February is Macular Degeneration Awareness Month

Serving Poughkeepsie, Yorktown and Nearby Areas of the Hudson Valley

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Infographic: Symptoms of Macular Degeneration February is Age-Related Macular Degeneration Awareness Month, an effort on the part of the American Academy of Ophthalmology to draw attention to the leading cause of blindness among older Americans.

Macular degeneration cannot be cured, but it can be managed, and the sooner intervention begins, the lower your risks of losing your vision. Even if you are not experiencing any of the symptoms of macular degeneration, if you are over the age of 60 and have not been to the eye doctor for a while, call our Yorktown or Poughkeepsie office to schedule your next examination today.

What is the Macula?

When you see an image, you are not seeing the image itself, but rather the effect of light reflecting off of it. The cornea, at the front of the eye, is where light first enters, but it isn’t processed until it reaches the retina – the part of the eye that processes light and turns it into visual information.

The retina is full of neurons called photoreceptors. When light enters the cornea, the eye’s lens focuses that information towards these neurons, which turn that information into electrical signals that can be sent, via the optic nerve, to the brain, which further processes the information to create an image. This entire complex process happens near instantaneously, over and over, every second your eyes are open. Even a small glitch in the system can cause serious problems.

The macula is the part of the retina responsible for central vision. With a high concentration of photoreceptor cells, the macula allows you to perform visual tasks that require fine detail such as using a computer or smartphone, seeing and recognizing faces, watching television or movies, and driving safely during the day and night. As we age, blood vessels that supply the macula can harden and narrow, depriving the macula of nutrients and oxygen, and allowing it to degenerate. As the macula degenerates, it destroys sensitive neurons in the retina and causes a loss of central vision. This condition is known as age-related macular degeneration (AMD).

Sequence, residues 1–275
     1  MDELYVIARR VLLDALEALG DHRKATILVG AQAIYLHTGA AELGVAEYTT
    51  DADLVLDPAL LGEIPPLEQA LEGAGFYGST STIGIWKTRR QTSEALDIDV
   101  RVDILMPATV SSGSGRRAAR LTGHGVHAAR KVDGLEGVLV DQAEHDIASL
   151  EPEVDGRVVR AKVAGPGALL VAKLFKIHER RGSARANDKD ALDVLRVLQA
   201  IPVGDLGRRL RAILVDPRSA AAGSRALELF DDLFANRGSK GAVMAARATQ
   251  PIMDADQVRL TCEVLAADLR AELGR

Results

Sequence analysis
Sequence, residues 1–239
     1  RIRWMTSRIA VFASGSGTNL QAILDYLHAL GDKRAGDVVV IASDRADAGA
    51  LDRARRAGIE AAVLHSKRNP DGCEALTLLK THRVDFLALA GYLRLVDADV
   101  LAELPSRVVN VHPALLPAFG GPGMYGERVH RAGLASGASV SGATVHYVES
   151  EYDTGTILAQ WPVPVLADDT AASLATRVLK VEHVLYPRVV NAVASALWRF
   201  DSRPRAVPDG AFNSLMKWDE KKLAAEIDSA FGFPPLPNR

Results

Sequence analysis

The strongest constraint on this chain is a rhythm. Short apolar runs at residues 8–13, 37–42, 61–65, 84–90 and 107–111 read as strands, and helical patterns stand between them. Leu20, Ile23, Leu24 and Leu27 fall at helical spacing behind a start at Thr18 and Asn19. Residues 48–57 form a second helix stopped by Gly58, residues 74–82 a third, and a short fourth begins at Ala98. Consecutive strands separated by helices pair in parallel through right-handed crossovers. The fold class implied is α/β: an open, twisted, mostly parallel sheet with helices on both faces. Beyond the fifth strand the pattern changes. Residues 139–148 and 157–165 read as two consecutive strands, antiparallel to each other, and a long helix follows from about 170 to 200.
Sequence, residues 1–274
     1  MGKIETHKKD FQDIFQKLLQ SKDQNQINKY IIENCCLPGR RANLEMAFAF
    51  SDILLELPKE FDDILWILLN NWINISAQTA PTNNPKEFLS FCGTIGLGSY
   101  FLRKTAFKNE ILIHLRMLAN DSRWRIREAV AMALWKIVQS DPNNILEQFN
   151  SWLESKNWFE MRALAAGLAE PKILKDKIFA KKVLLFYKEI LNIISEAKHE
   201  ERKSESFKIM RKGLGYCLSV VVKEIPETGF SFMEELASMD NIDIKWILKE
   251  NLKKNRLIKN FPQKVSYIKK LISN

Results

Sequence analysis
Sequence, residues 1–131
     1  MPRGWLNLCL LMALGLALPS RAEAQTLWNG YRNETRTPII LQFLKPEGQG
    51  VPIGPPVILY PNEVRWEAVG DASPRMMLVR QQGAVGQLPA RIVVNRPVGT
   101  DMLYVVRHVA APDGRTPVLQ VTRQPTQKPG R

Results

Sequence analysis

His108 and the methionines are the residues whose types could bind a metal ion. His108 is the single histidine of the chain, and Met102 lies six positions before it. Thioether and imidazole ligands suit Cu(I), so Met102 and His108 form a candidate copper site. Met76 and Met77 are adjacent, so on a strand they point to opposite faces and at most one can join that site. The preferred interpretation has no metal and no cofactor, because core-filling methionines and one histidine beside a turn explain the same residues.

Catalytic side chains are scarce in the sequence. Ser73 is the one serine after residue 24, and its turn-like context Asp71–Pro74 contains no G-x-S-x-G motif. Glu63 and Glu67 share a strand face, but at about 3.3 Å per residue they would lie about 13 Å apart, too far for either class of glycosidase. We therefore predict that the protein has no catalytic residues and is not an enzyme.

How Does AMD Develop?

Macular degeneration is an age-related vision disorder. This means that, even without risk factors, it is possible to develop the condition as a consequence of aging. However, many cases of macular degeneration can be traced to genetics.

Whether you are predisposed to AMD or not, you increase your risks significantly if you use tobacco. Nicotine, a vasoconstrictor, causes damage to blood vessels and arteries, even without the 7,000+ chemicals released by smoking tobacco. Add that chemical cocktail and smokers find themselves 4x more likely to develop AMD than nonsmokers. If you have a genetic predisposition to AMD, that risk increases 20x over.

In addition to lifestyle choices like tobacco use, risks for AMD are increased in people who:

  • Have a heart condition or disease
  • Are overweight
  • Have uncontrolled blood pressure

If you are at risk for AMD, it is important that you begin seeing an eye doctor every year at the age of 40. Even if you are not at risk, seeing an eye doctor yearly is a good way to protect your vision into the future.

What are the Symptoms of AMD?

Symptoms of AMD include:

  • A dark or empty spot in the central field of vision
  • Blurry or fuzzy vision
  • Straight lines appearing to wave
  • Diminished color sensitivity/fading

AMD may also make objects appear smaller than they actually are. If you are experiencing any of these symptoms, get in touch with our office right away to learn how we can help.

Treating AMD

Age-related macular degeneration cannot be cured and once damage has occurred, it cannot be undone. This makes swift detection your best hope for continued vision as you age.

The most common treatments for AMD are laser photocoagulation, a process that closes leaking blood vessels with laser energy, and anti-VEGF therapy and medications, which work to suspend the vascular endothelial growth factor, a molecule that can produce leaky blood vessels in patients with AMD.

Lifestyle changes, including dietary improvements, increasing activity levels, and giving up all tobacco products may help manage macular degeneration as well. Our board-certified ophthalmologists will take time to fully assess your situation, enabling them to provide you with personalized recommendations for the treatment of your condition.

Call Seeta Eye Centers at 845-454-1025 to schedule an eye examination at our Poughkeepsie or Yorktown office. We welcome patients from Milton, Crown Heights, Highland, and all surrounding Hudson Valley communities.